I consider myself a free thinker, heck I am a molecular/cellular biologist; I have to be. I never trust anything I read 100% and everything will be tested even if the alternative hypothesis seems thin.
I’ve made some interesting observations and some initial conclusions from listening. My best DAC is my DFR run on my MacBook Air using Audirvana 3 with Integer mode and Extreme system optimization. I also run a jitterbug on a parallel USB port. Once my Stellar DAC/S300 arrives, all of the following observations and tests will be repeated.
To me the, “loudness wars,” is an interesting concept potentially compromising all genre’s of music in all of these re-releases and remasters. There are so many variables however to judge the effects of decreased dynamic range and I fear that this field suffers from a great deal of cognitive bias by many. Especially when proper PC/MAC software is fairly recent where we can get adequate sound quality using Exclusive/Integer/Direct modes and we now understand that USB straight with no modifiying device (LanRover, Regen, etc…) is pretty bad.
Let’s take a modern remaster from my generation that is trashed ALL the time, the Nirvana-Nevermind remaster. Hang on, there are some points to consider here! Consider that anyone judging the CD remaster as evidence of problems with loudness, this is immediately invalidated to me due to concerns over the 24-bit to 16 bit and 96 k to 44.1 k down conversion process. The CD remaster streamed over Tidal has some major issues in the cymbal territory, very blurry and wishy washy. The best comparison is to compare a 16 bit pre-remaster to the new 24 bit remaster. Not perfect but its better than throwing in 96 k to 44.1 down conversion into the mix.
The 24 bit remaster on my system sounds pretty damn good for a grunge track! I am actually liking it more than the original CD. When I invert the polarity of the remaster, it sounds a heck of a lot like the old version streamed over Tidal (2002 version pre-remaster). There is no absolute control in the industry for polarity normalization. The wrong polarity to me gives the recording a false sense of space, slightly smoother, but muddied and less present sound. Also, the image width is cut by about 25-50% over headphone. The transients are tighter on the remaster and the leading edges of everything are clearer, the old version is blurry and somewhat muddy. Its smooth but it doesn’t sound live or real. To me getting the polarity right may be better than a moderately improved dynamic range. I can’t say for sure if they inverted polarity on the re-release, but nontheless it raises another wrinkle in comparing older vs. new releases. Regardless, the 24 bit sounds more real to me. What is real, where is the reference? We don’t really have a good one for rock music. Concerts don’t count since they are too loud, highly variable due due to different environments and different level setting everywhere it seems. There is no good venue besides a good old garage band format that doesn’t amplify the sound into infinity and back well outside listenable limits of SQ.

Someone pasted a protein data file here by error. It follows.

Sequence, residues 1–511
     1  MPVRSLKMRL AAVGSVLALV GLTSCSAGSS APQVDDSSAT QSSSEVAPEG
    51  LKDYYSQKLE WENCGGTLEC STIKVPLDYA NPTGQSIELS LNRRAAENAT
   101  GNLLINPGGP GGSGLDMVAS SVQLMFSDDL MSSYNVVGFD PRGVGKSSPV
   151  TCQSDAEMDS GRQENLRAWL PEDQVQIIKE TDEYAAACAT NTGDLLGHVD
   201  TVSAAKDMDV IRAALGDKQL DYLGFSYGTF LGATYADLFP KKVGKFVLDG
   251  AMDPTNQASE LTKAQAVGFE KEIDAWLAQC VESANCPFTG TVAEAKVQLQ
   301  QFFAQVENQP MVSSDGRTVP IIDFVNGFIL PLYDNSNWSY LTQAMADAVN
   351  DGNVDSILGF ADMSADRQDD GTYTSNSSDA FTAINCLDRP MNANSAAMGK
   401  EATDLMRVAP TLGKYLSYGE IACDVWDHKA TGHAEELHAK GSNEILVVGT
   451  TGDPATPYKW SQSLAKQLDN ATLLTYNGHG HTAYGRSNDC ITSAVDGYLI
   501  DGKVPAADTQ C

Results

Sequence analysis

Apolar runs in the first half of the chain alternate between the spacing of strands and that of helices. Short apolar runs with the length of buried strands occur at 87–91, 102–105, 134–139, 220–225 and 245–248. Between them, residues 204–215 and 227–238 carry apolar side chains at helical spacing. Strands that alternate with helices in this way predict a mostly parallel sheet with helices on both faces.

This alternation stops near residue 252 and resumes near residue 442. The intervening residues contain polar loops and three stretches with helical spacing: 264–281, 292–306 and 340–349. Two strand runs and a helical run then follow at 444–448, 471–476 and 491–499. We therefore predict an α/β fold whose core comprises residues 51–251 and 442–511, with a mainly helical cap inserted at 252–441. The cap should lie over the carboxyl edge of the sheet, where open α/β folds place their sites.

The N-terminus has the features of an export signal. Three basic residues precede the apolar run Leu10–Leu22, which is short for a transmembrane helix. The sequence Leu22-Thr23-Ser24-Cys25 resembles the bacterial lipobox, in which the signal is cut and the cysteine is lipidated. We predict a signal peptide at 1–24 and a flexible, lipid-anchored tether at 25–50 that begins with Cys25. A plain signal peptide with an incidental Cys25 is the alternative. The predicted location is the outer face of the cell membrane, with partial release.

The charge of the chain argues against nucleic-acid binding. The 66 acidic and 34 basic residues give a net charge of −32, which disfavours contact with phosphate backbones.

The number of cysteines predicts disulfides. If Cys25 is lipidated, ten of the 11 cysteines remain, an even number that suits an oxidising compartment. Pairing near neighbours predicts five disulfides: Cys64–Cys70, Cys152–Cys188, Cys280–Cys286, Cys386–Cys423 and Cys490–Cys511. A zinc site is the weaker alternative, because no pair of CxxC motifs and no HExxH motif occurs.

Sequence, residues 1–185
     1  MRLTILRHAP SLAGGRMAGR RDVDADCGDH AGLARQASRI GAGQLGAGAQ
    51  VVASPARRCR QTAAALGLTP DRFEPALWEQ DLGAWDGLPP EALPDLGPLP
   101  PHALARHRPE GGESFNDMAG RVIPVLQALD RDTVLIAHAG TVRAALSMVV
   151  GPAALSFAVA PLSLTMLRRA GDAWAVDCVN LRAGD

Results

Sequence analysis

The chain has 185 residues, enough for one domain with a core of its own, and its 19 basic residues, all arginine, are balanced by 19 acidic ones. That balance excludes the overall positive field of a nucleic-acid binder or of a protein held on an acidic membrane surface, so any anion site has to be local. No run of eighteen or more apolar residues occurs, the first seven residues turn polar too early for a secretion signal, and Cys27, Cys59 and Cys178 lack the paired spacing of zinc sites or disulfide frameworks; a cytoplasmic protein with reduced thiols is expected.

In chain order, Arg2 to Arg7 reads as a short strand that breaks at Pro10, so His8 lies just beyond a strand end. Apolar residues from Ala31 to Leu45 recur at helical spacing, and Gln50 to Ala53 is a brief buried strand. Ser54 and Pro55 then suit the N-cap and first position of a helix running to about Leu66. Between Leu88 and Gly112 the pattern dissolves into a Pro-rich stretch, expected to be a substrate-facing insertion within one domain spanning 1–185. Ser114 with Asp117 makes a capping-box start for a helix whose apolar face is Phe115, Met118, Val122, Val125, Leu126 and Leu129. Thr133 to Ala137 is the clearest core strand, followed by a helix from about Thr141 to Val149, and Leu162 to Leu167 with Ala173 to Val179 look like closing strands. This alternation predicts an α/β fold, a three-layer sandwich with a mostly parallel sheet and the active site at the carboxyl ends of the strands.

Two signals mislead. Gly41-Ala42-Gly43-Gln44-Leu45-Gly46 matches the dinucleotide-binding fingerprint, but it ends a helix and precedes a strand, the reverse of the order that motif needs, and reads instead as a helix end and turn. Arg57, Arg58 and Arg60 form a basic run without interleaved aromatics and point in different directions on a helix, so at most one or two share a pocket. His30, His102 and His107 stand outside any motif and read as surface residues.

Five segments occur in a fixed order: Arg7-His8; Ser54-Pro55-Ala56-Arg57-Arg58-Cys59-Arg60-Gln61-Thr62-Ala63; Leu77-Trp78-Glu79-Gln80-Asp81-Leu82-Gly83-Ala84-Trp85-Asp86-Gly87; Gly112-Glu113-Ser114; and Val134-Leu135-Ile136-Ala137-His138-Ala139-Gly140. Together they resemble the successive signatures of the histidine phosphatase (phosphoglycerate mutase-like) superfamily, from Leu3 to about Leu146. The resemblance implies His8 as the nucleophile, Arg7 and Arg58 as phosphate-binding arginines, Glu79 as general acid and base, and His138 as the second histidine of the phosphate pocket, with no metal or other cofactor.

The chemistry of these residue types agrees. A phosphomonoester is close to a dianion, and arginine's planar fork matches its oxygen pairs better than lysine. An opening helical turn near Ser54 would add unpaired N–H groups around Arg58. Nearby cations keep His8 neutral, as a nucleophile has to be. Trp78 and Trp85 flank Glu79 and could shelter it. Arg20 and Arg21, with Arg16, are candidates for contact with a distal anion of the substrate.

Another tangent, I have another modern rock album by Chevell- La Gargola, amazing album and great sound! But the hi res version available tops out at 24/44.1. Comparing the 16 to the 24, I hear much more of a difference than I expected given all of the internet trash talk. Same thing on Matthew Good, 24/48 sounds much more realistic compared to 16 bit. Slightly different music, not as heavy and a little more moody, same effect on leading edges and general shape of sound.
I have a question to those more familiar with DAC operation. DACS fundamentally operate better with 24 bit compared to 16 bit? Or, is the down-conversion process fundamentally bad causing rounding errors when going down to 16 when the master was higher? Is it a bit of both combined with reduced quantization error rates or distribution? Is decreased dynamic range still a concern but slightly less so with 24 bit?
I love variables and complex systems, hence why audio synergy is so fun!